At a monastery in a remote part of southern India, a unique partnership is taking shape between scientists and Tibetan Buddhist monks. It is a convergence between science and spirituality, forming insights into mindfulness, meditation, even happiness.
Ep 36 - Science and Spirituality with the Dalai Lama
How many times have you said "this is the year..." - the year you lose weight and keep it off, or resolve to quit smoking? How many New Year's resolutions have you broken? It is not just a question of willpower, but science.
At 6:15am, Casper is up and ready for work. He eats some breakfast, and puts on his uniform and badge. Then he gets in the car and heads off to the hospital, where he joins countless doctors and nurses tending to sick children. But Casper is not your ordinary employee. He happens to have four legs and a fluffy tail.
Marko Hingi was certain of one thing: his hometown of Mwanza, Tanzania, needed help. In this city along Lake Victoria, traffic accidents were frequent, and often fatal. With no emergency response infrastructure in place, Marko continued to see trauma patients coming to the hospital. When he heard about "Beacon" and Trek Medics, he knew they could help.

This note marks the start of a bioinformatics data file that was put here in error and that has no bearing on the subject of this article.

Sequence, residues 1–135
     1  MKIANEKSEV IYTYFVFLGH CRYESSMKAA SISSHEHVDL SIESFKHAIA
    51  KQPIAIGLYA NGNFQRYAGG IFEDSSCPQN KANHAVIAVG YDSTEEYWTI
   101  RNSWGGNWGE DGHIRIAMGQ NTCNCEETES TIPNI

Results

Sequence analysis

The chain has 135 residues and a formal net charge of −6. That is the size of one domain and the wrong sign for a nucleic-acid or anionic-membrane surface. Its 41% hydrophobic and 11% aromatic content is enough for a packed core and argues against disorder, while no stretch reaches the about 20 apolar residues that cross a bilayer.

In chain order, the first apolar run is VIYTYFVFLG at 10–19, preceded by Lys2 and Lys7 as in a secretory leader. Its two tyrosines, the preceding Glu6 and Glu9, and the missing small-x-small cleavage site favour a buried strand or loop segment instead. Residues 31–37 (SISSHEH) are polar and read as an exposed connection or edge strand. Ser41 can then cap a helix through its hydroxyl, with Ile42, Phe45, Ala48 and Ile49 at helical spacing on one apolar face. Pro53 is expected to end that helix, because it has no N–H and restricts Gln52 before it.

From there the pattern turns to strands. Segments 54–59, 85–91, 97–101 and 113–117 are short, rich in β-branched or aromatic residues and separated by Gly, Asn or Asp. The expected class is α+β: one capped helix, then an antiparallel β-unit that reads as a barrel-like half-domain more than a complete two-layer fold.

John Thurman thought he'd be safe there. After all, he was stationed at the Pentagon, in Washington D.C., not overseas in a war zone. Then, 9/11 happened. John survived the attack on the Pentagon, and spent a week in the hospital recovering. But his fight didn't end there. He suffered from PTSD long after the attack -- until a friend suggested yoga...